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The Facts: A Government Shutdown Won’t Hurt the Military or Vets

Claims that a government shutdown standoff could harm our nation’s defense or its military personnel and veterans are incorrect.

What happens to the military and veterans during a government shutdown?

Claim: During a shutdown, our military personnel could be put at risk, and overseas military operations could be impeded.

Fact: “[During a shutdown,] the Secretary of Defense would ensure mission accomplishment of critical activities that are needed to prosecute the war in Afghanistan, to complete the military mission in Iraq, and to ensure safety of human life and protection of property including operations for the security of our nation,” and “robust support for those engaged in war would continue (ammunition, vests, equipment…etc.).” — House Armed Services Committee [5]

Claim: In a shutdown, our national security could be put at risk.

Fact: In a government shutdown, federal functions and personnel deemed “essential” are required to continue their service through the shutdown. In 1981 the White House Office of Management and Budget (OMB) directed that “essential” personnel “should maintain the staff and support services necessary to continue [their] essential functions.”[1] The first item on OMB’s list of “essential” functions is: “provide for the national security, including the conduct of foreign relations essential to the national security or the safety of life.” [2]

Claim: During a shutdown, military personnel are furloughed.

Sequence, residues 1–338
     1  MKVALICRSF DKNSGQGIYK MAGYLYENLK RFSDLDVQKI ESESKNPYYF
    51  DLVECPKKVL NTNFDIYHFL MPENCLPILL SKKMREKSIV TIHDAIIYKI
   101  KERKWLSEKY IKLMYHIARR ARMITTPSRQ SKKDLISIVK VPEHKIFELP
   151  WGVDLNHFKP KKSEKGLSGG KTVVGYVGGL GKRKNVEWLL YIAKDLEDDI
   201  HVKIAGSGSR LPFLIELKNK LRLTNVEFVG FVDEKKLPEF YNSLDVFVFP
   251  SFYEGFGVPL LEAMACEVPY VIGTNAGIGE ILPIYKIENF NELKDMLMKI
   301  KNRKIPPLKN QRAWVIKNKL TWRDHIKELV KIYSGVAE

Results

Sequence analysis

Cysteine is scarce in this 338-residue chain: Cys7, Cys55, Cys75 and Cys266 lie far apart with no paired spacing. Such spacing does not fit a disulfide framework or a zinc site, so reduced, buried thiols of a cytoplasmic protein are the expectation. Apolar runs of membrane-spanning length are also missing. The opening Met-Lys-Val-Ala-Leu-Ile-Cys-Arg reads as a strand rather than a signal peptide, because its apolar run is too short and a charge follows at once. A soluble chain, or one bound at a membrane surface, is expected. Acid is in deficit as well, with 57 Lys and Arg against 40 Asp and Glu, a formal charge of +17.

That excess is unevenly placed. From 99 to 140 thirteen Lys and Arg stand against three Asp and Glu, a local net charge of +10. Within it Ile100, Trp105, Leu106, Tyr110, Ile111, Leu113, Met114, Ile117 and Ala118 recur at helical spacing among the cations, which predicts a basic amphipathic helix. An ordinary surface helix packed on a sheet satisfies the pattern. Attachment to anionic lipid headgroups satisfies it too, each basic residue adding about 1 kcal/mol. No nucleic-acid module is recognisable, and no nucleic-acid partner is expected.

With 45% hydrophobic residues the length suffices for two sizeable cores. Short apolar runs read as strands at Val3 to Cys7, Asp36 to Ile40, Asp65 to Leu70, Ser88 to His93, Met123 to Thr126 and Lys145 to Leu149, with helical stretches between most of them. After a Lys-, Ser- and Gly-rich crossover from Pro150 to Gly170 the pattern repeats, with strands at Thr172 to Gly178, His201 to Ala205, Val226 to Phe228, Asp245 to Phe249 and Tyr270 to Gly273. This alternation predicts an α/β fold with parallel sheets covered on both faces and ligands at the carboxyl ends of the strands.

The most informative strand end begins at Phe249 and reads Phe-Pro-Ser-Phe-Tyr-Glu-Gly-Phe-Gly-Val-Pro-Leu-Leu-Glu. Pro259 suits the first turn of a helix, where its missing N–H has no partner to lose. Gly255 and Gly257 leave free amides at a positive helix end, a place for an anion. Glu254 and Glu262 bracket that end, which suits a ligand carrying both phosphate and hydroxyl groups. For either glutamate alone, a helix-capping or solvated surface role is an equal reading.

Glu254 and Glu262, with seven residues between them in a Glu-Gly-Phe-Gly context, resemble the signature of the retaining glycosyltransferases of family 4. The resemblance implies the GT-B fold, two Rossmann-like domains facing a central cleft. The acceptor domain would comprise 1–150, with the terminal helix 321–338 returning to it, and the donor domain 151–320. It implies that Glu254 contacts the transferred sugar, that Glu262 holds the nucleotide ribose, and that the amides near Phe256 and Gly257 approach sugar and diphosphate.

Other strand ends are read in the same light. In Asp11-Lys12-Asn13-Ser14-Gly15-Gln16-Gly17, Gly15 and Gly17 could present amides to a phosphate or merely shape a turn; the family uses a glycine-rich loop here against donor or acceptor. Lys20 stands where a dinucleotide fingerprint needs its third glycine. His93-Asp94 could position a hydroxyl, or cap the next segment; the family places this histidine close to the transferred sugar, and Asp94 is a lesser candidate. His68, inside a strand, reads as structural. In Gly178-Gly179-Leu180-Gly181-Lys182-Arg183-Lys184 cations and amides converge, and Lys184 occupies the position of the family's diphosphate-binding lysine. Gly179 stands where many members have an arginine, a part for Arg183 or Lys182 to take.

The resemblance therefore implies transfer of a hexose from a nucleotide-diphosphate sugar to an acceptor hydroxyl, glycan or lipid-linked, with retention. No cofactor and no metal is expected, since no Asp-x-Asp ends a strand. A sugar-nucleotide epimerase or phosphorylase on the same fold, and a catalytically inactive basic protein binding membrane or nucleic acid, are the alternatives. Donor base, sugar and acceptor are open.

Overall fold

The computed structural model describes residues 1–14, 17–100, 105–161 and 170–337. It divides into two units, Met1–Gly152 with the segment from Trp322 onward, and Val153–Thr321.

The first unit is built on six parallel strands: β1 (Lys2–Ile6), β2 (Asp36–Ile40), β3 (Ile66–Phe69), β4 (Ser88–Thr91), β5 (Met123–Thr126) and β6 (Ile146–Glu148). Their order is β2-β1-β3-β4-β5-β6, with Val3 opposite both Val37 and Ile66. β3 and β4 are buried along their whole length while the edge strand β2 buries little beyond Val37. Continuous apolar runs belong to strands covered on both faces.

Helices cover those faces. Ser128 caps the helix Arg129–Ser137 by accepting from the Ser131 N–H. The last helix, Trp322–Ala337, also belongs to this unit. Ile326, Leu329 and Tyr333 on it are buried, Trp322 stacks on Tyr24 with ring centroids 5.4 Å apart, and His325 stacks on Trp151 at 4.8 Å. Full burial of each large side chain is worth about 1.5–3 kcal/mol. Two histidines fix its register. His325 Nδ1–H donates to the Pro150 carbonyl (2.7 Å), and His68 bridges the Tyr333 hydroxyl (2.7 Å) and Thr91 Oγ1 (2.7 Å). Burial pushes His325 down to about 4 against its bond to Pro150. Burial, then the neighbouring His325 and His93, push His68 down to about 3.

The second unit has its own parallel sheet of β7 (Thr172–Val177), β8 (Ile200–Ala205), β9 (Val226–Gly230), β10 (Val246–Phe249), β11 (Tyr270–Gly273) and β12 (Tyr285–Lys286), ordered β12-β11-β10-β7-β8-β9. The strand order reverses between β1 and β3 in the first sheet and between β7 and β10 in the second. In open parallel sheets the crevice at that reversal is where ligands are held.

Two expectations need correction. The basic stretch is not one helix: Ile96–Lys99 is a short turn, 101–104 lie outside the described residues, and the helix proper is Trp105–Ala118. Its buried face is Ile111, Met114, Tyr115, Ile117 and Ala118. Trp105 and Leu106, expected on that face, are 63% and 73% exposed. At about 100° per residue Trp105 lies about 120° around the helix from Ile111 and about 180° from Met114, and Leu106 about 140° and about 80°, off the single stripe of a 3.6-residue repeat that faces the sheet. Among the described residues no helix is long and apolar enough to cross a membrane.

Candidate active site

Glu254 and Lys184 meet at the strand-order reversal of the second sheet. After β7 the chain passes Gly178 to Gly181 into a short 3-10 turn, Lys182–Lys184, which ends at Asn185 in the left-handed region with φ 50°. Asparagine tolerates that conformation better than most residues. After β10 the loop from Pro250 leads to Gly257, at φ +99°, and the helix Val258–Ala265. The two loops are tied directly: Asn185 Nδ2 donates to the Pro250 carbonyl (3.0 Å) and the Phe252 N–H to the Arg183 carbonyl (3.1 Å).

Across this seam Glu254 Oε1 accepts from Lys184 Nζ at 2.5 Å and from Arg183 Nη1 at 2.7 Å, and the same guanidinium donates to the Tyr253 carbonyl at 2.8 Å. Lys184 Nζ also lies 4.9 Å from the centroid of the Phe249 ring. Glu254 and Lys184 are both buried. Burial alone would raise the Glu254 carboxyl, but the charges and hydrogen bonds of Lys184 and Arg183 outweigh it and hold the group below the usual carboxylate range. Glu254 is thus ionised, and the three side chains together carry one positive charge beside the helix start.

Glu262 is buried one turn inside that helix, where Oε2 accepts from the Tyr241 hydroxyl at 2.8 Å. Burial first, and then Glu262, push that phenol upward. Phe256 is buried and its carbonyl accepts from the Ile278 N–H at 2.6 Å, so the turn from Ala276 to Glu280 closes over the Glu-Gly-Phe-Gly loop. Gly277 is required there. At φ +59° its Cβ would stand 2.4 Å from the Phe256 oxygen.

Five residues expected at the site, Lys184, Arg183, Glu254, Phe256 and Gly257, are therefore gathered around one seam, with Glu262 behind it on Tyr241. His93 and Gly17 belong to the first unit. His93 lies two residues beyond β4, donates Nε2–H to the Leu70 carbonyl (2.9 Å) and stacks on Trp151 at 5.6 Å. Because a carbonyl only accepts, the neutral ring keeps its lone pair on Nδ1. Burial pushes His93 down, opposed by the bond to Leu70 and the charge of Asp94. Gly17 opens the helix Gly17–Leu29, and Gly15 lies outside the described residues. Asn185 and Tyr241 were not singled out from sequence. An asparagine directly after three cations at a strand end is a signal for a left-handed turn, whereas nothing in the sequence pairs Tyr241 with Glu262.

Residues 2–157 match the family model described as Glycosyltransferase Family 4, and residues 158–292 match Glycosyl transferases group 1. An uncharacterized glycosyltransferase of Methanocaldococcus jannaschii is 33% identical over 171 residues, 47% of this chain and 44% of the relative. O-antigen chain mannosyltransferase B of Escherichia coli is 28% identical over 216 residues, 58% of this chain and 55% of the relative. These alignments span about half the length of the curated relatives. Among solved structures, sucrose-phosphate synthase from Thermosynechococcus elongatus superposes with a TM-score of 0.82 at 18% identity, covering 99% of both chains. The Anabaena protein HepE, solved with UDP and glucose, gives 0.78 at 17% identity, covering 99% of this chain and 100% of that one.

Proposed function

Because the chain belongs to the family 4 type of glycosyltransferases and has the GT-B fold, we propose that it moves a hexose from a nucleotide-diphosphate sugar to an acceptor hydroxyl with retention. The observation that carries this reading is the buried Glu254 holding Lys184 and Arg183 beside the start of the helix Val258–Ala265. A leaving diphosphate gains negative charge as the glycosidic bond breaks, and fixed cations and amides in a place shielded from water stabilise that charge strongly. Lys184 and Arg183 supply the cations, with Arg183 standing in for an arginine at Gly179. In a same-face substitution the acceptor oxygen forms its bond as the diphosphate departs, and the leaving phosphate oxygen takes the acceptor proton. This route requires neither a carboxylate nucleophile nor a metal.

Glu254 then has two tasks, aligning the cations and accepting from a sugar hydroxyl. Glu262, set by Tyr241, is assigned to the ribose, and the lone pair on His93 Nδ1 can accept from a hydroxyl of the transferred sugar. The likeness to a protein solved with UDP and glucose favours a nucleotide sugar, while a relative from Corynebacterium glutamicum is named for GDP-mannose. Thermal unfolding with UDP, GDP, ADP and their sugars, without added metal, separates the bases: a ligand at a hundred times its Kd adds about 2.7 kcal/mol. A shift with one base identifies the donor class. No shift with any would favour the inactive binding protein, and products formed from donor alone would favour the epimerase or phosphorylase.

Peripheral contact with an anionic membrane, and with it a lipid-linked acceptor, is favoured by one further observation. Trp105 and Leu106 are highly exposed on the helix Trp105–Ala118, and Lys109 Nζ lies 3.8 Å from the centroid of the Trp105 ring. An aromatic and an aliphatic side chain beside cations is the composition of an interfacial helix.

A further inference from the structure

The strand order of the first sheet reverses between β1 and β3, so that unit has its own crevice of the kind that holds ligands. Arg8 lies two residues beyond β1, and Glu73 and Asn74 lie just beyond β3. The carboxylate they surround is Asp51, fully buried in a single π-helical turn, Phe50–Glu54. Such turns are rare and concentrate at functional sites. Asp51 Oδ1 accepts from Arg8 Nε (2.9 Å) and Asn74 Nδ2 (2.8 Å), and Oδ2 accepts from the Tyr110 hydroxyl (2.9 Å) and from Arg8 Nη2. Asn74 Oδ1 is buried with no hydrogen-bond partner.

Fact: “In any shutdown plan, all military personnel would be deemed exempt and would not be subject to furlough.” — House Committee on Armed Services [5]

Claim: During a shutdown, military pay ceases.

Fact: According to, “if the past is any indication, active duty servicemembers are not likely to miss any paychecks.”[6] While it is possible that payments to active military personnel may be delayed, they will continue to accrue their full pay, and it will be paid in full as soon as an appropriation bill is enacted for the Department of Defense.[5] Congress can easily ensure the continuity of military pay in any future budget standoff by simply passing a standalone appropriation for it. ”Military pay was specifically exempted from the ten shutdowns that occurred between 1980 and 1996 [4]. How long could military personnel go without seeing their paycheck? It’s unlikely to be very long. Historically, only the three-week shutdown in 1996 has lasted more than three days.

Claim: A shutdown would negatively affect VA health facilities and veterans health care programs and claims.

Fact: According to a guide published by the Department of Veterans Affairs, VA health care services would not be impacted by a shutdown, nor would claims cease to be processed. Certain non-urgent services would be slowed down or would stop, but the most essential functions of the VA, including GI Bill payments, insurance claims, and VA hospitals, would be unaffected unless the White House took specific measures to act otherwise.[7]

Claim: A shutdown could harm disabled veterans and survivors.

Fact: “[In any shutdown plan,] disabled veterans in receipt of disability compensation or pension checks should continue to receive those payments,” as will “survivors currently in receipt of Dependency and Indemnity Compensation.” — House Committee on Veterans Affairs [5]






[6] (see also:




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